Sweet potatoes are an iconic Japanese treat, but they’re not native to Japan.
Originally from Central America, these tubers came through China in the 17th century to the Satsuma domain in southern Kyushu. Some say a fisherman named Riemon Maeda brought the first sweet potatoes to Satsuma after a trip to the Ryukyu Kingdom (present-day Okinawa), which explains why today’s Kagoshima Prefecture is dotted with memorials to this humble act.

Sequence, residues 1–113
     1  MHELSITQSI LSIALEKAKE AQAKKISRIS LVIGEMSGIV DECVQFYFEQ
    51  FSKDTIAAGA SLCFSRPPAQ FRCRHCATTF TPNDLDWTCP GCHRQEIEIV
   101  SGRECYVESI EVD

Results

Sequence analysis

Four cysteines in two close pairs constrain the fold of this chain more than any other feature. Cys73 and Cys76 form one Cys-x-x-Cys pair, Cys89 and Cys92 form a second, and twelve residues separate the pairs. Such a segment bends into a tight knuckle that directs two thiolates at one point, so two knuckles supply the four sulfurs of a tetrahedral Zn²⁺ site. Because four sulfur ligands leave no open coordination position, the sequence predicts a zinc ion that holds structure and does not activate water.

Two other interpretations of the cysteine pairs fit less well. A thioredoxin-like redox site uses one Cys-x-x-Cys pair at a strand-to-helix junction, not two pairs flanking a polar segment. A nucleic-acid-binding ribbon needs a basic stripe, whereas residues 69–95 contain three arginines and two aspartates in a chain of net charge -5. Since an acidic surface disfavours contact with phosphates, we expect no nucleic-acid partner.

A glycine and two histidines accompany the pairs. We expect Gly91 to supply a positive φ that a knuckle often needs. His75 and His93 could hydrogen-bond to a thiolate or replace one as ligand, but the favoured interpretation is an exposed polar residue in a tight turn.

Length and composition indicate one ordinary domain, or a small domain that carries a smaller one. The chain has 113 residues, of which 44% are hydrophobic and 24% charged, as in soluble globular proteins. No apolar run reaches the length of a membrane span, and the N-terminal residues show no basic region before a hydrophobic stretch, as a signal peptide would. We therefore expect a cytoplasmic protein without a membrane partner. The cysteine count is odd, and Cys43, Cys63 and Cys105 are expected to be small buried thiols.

Over time, sweet potatoes became a valued crop in the Satsuma domain, where conditions favored them over rice. During nationwide famines, Satsuma’s nutrient-dense sweet potato crop spared its people the worst of the suffering. So helpful was this foreign crop that in 1735, the eighth Tokugawa shogun ordered a court scholar to look into growing the food — now known as “satsumaimo” (literally, “Satsuma potato") — across Japan.